"Organizational storytelling is quite different from our usual model of storytelling and yet surprisingly similar. As storytellers know, when you “story” something, you give it life and depth and meaning. This is true in organizations, as well. Storying a company, a process or a product humanizes it – in a way that a memo or spreadsheet does not – and thus extends ownership throughout the organization or community. The story itself actually becomes a deliverable, a product, alive and vital to the audience, whoever they may be. But it’s not always a simple process."
As I was reading this post I was saying to myself, "Yep -- been there, done that!" and "Oh yeah, I remember when something similar happened to me!" I love this article by colleague Laura Packer because she not only talks about her adventures in organizational storytelling, she is also educating others about the skills and talents required on the part of business story professionals for successful engagements.
This is also teaching companies about how to hire quality org story consultants. Too often businesses are quite cavalier in their attitude toward storytelling, thinking any consultant or facilitator can do this kind of work. Not so -- it requires training in the dynamics of storytelling in addition to training in organizational development. And, oh, by the way -- as valuable as Appreciative Inquiry is, it is not the be-all and end-all of organizational storytelling.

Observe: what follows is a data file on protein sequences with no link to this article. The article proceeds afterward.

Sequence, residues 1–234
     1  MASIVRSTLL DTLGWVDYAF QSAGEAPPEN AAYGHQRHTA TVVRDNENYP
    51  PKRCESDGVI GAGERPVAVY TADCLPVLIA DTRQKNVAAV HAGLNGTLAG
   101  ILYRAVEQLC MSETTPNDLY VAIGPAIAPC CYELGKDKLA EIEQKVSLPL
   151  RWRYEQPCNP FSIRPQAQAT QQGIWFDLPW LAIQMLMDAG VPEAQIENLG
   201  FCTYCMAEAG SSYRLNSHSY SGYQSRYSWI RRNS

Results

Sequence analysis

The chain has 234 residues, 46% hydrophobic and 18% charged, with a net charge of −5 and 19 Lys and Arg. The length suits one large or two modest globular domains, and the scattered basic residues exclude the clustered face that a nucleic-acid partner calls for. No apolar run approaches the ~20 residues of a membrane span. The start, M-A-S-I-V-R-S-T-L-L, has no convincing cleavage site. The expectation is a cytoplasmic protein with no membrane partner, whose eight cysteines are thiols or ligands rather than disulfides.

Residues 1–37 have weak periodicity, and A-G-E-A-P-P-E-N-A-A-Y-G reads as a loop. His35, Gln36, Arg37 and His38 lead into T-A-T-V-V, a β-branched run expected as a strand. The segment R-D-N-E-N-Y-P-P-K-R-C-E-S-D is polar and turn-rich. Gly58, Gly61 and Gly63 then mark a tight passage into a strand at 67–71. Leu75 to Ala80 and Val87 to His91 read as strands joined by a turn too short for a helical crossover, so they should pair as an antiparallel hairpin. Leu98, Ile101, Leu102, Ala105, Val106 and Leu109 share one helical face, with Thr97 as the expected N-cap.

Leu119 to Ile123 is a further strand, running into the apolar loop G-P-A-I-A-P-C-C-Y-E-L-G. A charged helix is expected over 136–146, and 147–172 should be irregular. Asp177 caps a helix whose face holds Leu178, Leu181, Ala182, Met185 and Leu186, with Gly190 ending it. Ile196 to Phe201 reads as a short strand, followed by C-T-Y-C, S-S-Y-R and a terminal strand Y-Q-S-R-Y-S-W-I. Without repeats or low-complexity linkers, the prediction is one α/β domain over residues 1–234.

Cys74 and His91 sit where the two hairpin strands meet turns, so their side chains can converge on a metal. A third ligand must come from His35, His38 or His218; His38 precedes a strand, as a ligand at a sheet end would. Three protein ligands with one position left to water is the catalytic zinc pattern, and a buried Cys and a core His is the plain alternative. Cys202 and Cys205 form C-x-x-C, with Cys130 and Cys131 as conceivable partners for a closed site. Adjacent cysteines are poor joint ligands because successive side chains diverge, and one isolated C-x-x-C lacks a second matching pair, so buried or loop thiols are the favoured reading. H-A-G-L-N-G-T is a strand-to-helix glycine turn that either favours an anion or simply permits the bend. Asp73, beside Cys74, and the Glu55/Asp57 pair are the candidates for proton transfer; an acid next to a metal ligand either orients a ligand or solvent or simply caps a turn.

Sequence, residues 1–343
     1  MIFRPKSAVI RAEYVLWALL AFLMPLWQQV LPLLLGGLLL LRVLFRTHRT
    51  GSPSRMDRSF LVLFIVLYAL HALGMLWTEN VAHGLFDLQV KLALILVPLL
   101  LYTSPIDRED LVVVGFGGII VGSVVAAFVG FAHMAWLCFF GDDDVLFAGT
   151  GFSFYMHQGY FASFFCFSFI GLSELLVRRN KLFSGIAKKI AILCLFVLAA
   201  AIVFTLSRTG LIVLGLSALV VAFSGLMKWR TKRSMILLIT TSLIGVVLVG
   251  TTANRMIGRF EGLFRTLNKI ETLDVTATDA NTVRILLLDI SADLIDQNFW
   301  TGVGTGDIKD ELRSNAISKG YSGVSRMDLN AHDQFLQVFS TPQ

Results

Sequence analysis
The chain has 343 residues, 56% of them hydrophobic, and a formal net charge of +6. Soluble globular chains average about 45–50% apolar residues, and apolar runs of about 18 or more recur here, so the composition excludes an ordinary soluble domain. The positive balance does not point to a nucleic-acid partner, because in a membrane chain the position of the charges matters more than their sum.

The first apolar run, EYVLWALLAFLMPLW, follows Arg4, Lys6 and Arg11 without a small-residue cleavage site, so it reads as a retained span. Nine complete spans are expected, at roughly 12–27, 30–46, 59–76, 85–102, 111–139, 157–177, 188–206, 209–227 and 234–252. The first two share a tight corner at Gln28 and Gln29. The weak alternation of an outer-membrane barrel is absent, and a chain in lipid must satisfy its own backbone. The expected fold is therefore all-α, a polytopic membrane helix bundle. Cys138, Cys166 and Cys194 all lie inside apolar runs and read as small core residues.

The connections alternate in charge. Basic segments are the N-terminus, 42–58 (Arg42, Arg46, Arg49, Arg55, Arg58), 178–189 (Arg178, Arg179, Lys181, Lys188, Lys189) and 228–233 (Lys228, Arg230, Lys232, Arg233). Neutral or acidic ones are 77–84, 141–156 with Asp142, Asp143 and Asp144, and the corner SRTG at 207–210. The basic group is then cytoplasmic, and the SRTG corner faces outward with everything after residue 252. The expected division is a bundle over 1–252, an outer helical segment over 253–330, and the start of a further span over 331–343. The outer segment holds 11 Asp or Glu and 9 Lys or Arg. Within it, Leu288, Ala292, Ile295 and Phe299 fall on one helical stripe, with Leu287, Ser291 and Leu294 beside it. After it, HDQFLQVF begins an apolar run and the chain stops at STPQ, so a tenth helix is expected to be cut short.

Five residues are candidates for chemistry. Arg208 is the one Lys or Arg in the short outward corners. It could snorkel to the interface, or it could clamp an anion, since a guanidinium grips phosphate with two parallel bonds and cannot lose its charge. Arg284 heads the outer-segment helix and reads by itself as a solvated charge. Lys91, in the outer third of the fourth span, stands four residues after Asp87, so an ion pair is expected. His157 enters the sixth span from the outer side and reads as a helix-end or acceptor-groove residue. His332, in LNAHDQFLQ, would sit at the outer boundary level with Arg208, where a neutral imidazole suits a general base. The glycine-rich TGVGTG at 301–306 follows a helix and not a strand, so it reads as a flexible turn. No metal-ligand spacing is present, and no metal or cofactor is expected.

This kind of post is sorely needed in our field and I hope other practitioners will add their voices and experiences to Laura's.
Different organizational applications for stories and storytelling require different processes and skills. With posts like Laura's we will continue to educate companies about the care, feeding, facilitation, dynamics, and applications of org storytelling. And we will continue to build quality standards into our professional practice.
Thank you Gregg Morris @greggvm for bringing this article to my attention.
Via Gregg Morris, Karen Dietz